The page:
What's your favorite and most memorable meal? Some fancy restaurant in Paris, London, Rome? Mine was this meal eaten at the house of my Bedouin guide after we came down from Mt Sinai. We started the climb at 2 am and came down at around 8am. My Egyptian taxi driver suggested that we eat at the guide's house, his father did the cooking. Of course I paid for the meal. He went to the chicken coop to get the eggs for scrambling. I've never seen such yellow eggs before. We had local honey, some beans, olives, chips and pita bread. We ate with our fingers while sitting on the dirt floor. It was the most amazing meal eaten at the most amazing place, at the base of Mt Sinai in the Sinai desert. I don't know that I'll have another experience that could beat this. I wouldn't soon forget this. I still think of it with fondness.
In February I was in Israel. While there I took a side trip south to the Sinai desert. I crossed the border at Taba, stepped into Egypt, all alone and decided to take the bus to Dahab, take another bus into St Catherine, climb Mt Sinai and visit St Catherine monastery. Quite a feat, I was so naive but serendipity stepped in. An Egyptian taxi driver approached me, said for a fee(a big one) he'll take me to St Catherine, arrange for me to sleep a few hours at a camp site, have a guide take me up Mt Sinai at 2am, take me down and wait till I visited St Monastery monastery and finally take me back to Taba crossing where I'll return to Israel. I accepted his offer and on the way we stopped to visit some friends of his, some Bedouins living by the highway. Here over a few cups of tea I sat with all these Bedouins and visited with them. We were in the middle of nowhere. Looking back, I marveled at my own fearlessness. What are we afraid of? To be fearful is to stay at home and be a couch potato! I'm always looking forward to packing my bag and leaving town. Unfortunately I have to be house bound for the next months. But soon I pray I'll be back on the road again.
Here is the digital, in my sitting room working on my macbook air where I check out other people's blogs and all things digital.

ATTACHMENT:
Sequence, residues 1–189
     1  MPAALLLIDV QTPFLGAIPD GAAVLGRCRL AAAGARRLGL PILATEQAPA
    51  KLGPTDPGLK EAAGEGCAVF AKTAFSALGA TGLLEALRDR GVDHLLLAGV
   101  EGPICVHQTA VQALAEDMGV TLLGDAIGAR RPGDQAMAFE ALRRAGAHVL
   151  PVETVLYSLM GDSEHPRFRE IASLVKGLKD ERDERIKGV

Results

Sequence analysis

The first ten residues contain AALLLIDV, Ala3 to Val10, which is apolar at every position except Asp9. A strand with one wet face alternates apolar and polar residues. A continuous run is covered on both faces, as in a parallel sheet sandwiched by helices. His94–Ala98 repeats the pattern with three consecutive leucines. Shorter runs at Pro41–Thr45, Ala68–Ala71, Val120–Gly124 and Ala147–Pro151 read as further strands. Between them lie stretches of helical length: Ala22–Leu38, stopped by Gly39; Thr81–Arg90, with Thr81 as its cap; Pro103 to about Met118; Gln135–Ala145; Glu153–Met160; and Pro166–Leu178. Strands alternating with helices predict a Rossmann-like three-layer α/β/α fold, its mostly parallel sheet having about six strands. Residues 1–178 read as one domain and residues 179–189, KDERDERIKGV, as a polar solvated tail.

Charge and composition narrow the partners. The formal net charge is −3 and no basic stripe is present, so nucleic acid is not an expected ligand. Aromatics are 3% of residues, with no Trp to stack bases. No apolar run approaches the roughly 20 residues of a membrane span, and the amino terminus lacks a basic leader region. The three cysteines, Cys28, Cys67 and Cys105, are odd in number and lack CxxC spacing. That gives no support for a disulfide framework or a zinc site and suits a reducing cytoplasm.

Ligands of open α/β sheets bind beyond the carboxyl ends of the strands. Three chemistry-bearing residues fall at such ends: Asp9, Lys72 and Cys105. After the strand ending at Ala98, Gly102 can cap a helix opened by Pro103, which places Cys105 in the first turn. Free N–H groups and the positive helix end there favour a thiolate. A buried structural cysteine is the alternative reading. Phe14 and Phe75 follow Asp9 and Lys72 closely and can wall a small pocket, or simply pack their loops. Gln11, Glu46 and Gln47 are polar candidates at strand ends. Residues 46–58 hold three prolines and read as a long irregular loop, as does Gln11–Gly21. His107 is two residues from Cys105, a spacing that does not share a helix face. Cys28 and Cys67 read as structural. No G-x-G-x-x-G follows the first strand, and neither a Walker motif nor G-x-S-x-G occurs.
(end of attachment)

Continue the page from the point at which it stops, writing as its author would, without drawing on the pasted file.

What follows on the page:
My dining table has been taken over by my book project. Its become a form of therapy. Here I paint and write and am trying to put together this book project. The past two weeks has been a hive of activity. My work schedule changed which allowed me time in the morning to work on this. Hopefully in the next two weeks I would have finished.
I painted and wrote this before I even went to visit Charleston. I thought it would be a great idea to expand this into a book. So while at Charleston I took notes, I sketched. I came home with some material. I ordered books from Amazon and even yesterday a ton of books arrived, a set of Leonard Woolf's autobiography. I looked at the art of the Bloomsbury artists and I copied. I wrote and wrote and there is still a bit more reading to do and I should be ready to put everything together..... a book on Charleston and the Bloomsbury group, written and illustrated by me!
The last resident of Charleston farmhouse was Duncan Grant who lived there till 1978. By that time the house has fallen into despair. It wasn't in a great state when he and Vanessa Bell moved in with her children in 1914, around the time of WWI. It had no running water, water has to brought in from a stream outside which freezes in winter. There was no indoor plumbing, there were earth closets. I had to look up what earth closets were, a kind of outhouse with a bucket which needed to be emptied! No electricity which came in later years. There were no telephones, they had to write to each other or walked to each others houses. Due to their having to write to each other they left behind a huge body of work, written communication which we have today that gave us an insight to their lives and thoughts. They spent the war years holed up here in the country. Vanessa Bell had become such a country homebody that everyone worried that she may never thrive in the city again. Go back to London she did after the war to find it changed, the Bloomsbury she knew before the war was gone but they continued to play an important part in each others' lives till their dying days. In fact more so because the opportunities were different, Virginia, Vanessa's sister became a celebrated writer, the others went on to write and to paint.....
Leonard Woolf, the husband of Virginia Woolf stumbled upon Charleston which was near to where he and Virginia were living.It was the time of World War I,Vanessa Bell, her children and two other friends, Duncan Grant and David Garnett were living at a place called Wissett. Viriginia wrote to Vanessa 'I wish you'd leave Wissett and take Charleston. It is lovely, large rooms, a garden, rather wild now but you could make it lovely.' Duncan Grant and David Garnett were conscientious objectors to the war and had to find work which the war department deemed patriotic. They were picking raspberries at Wissett and this wasn't considered patriotic. Otherwise they would be conscripted. So Vanessa rented Charleston so the the two men could work at the farm nearby. That was how they came upon to be at Charleston where Vanessa lived for the rest of her life. So did Duncan, her gay lover. They were both buried at a cemetery nearby, next to each other. Charleston, when they moved in, doesn't look anything like the Charleston today.......